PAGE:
It took being locked away from the world, hidden behind four concrete walls, to be able to finally see things clearly.
Now… why in the world would I start out a blog about THANKSGIVING, with a statement like that? I mean, how is this random quote relevant to this wonderful holiday where we get together with our families each November to celebrate and give thanks? To be honest, this statement on it’s own probably has very little to zero meaning for most of us. However, once I tell you this short story that I’m about to tell you, and give you the opportunity to look at life from a very different perspective, I believe that this statement will take on a very powerful meaning. A meaning that every single one of us can certainly learn from – and maybe more importantly, use as everyday inspiration.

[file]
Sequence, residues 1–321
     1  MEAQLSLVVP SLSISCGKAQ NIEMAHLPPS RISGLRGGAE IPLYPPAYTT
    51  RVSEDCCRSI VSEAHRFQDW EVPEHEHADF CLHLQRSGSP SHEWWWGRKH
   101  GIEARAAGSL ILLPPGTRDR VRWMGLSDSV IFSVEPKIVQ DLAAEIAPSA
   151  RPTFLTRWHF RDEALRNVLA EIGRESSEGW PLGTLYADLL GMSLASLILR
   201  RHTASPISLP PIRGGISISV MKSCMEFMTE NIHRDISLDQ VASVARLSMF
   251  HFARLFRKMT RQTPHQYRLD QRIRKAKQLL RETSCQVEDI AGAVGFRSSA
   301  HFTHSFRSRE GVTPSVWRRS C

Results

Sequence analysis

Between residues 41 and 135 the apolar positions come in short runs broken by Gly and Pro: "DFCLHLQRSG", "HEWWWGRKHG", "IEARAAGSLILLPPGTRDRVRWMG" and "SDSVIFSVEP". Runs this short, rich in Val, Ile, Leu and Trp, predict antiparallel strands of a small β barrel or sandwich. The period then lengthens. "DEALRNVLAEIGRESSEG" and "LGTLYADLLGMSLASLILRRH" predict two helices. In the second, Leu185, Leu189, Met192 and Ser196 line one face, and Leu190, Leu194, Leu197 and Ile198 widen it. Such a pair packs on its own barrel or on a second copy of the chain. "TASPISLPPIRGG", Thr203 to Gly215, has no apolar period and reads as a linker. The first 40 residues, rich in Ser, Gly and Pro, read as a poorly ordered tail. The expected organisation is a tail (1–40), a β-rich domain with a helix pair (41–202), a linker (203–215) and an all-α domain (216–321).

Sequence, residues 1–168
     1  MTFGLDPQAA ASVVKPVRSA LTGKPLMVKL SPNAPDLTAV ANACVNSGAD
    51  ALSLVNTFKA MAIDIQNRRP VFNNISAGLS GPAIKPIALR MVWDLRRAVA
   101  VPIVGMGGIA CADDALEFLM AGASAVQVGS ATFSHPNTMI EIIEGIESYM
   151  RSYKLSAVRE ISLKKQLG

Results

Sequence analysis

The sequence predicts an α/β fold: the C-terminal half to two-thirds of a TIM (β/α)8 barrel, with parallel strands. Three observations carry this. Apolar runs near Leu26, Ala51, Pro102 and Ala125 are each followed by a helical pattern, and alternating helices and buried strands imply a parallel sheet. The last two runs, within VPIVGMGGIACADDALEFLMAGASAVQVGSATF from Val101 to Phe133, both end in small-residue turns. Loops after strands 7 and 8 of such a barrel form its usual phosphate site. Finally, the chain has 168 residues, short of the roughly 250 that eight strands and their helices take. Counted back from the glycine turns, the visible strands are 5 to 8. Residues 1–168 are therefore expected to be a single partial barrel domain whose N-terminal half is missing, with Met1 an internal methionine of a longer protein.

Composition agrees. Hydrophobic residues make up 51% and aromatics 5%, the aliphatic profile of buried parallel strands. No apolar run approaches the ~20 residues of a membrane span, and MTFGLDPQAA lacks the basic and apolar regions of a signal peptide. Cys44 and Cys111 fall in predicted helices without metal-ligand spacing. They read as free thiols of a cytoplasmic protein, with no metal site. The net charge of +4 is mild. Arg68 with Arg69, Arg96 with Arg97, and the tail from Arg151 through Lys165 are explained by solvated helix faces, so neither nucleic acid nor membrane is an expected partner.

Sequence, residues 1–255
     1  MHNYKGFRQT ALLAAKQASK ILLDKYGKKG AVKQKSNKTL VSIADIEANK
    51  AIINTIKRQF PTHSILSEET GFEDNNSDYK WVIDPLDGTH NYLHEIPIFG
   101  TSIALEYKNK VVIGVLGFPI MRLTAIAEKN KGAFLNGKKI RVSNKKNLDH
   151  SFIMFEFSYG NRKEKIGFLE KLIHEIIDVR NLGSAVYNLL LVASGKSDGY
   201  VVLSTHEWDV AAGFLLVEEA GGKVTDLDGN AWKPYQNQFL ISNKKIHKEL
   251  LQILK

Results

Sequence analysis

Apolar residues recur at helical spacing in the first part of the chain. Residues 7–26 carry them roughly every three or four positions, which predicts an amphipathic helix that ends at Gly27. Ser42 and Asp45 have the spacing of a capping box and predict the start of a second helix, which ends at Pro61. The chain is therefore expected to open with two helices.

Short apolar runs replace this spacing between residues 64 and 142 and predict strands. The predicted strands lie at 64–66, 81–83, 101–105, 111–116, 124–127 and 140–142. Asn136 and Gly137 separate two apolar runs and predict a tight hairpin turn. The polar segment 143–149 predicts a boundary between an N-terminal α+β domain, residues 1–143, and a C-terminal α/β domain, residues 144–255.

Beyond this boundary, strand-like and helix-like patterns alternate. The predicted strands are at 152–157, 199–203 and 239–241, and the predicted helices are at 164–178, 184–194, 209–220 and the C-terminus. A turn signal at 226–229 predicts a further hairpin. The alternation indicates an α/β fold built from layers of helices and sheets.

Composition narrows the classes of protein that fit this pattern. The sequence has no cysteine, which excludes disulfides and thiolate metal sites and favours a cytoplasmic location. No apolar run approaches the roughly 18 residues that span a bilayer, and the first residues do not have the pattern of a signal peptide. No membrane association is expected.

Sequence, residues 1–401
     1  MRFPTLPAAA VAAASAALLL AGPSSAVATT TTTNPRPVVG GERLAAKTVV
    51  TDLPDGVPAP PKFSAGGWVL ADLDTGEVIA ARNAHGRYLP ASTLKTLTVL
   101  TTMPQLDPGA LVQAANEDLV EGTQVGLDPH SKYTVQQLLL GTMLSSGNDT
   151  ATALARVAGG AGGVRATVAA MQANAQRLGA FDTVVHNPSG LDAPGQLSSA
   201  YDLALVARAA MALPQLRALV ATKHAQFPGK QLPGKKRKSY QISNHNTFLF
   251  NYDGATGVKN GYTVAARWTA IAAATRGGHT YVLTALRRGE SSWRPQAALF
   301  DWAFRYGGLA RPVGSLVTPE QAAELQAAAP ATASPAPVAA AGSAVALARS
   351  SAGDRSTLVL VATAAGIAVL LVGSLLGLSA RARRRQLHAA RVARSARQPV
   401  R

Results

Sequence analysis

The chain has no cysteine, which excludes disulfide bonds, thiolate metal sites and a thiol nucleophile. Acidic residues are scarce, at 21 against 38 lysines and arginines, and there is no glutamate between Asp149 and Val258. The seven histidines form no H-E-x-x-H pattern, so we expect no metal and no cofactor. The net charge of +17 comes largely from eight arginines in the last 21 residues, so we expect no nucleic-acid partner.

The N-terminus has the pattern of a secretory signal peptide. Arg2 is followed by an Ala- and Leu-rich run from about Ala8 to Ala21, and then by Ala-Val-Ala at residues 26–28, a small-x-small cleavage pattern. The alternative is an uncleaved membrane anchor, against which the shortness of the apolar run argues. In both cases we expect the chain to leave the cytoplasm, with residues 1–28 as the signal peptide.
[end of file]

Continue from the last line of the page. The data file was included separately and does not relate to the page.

A couple years ago I was watching a documentary about a man who was serving a life sentence in a United States Penitentiary. I don’t remember exactly what the man was in prison for, but what I do remember, is that as the cameras rolled it became disturbingly apparent to me how dreadful this forgotten man’s existence truly was. Now as I watched this documentary unfold, I understood that this was not an innocent man, and that his miserable life in prison had been thrust upon him as a result of his own bad decisions. He did not deny his guilt, and due to his criminal acts on the street, his punishment surely seemed just – but even still – as I continued watching, I couldn’t help but feel a deep sympathy for this man. His days consisted of being locked up in a narrow cage – made up of steel bars and concrete walls – for 23 hours a day, with zero contact with the outside world. The only time he ever left his cell was for one hour of exercise each day, where he would aimlessly roam around a concrete yard (reminiscent of the yard in Alcatraz) surrounded by giant walls way too high to even attempt seeing over. The man had no living family – no children, no wife, no mother, father, sister, brother, aunt, uncle or friend on the outside to call, write, or receive a visit from. Inside his cell, he had very little to occupy his mind with. Aside from his minimal toiletries, he had nothing more than a pencil, some paper, and a couple of books. I can remember trying to put myself in this man’s shoes. To me, it sadly seemed like his life was comparable to being buried alive in a grim, dark grave, just slowly waiting to die. He had no joy, he had no hope, he had no love… he had nothing to look forward to, nothing to strive for, nothing to be happy about… he had no place to go, no way to escape, and no break from the daily torment. His life was truly a living hell, and I don’t know how any human being could survive such harsh conditions. Can you imagine waking up everyday from an agonizing nightmare, and then being forced to come to grips with the fact that that very nightmare, is in actuality your real life?? I know that I for one can’t even imagine it – nor would I ever want to.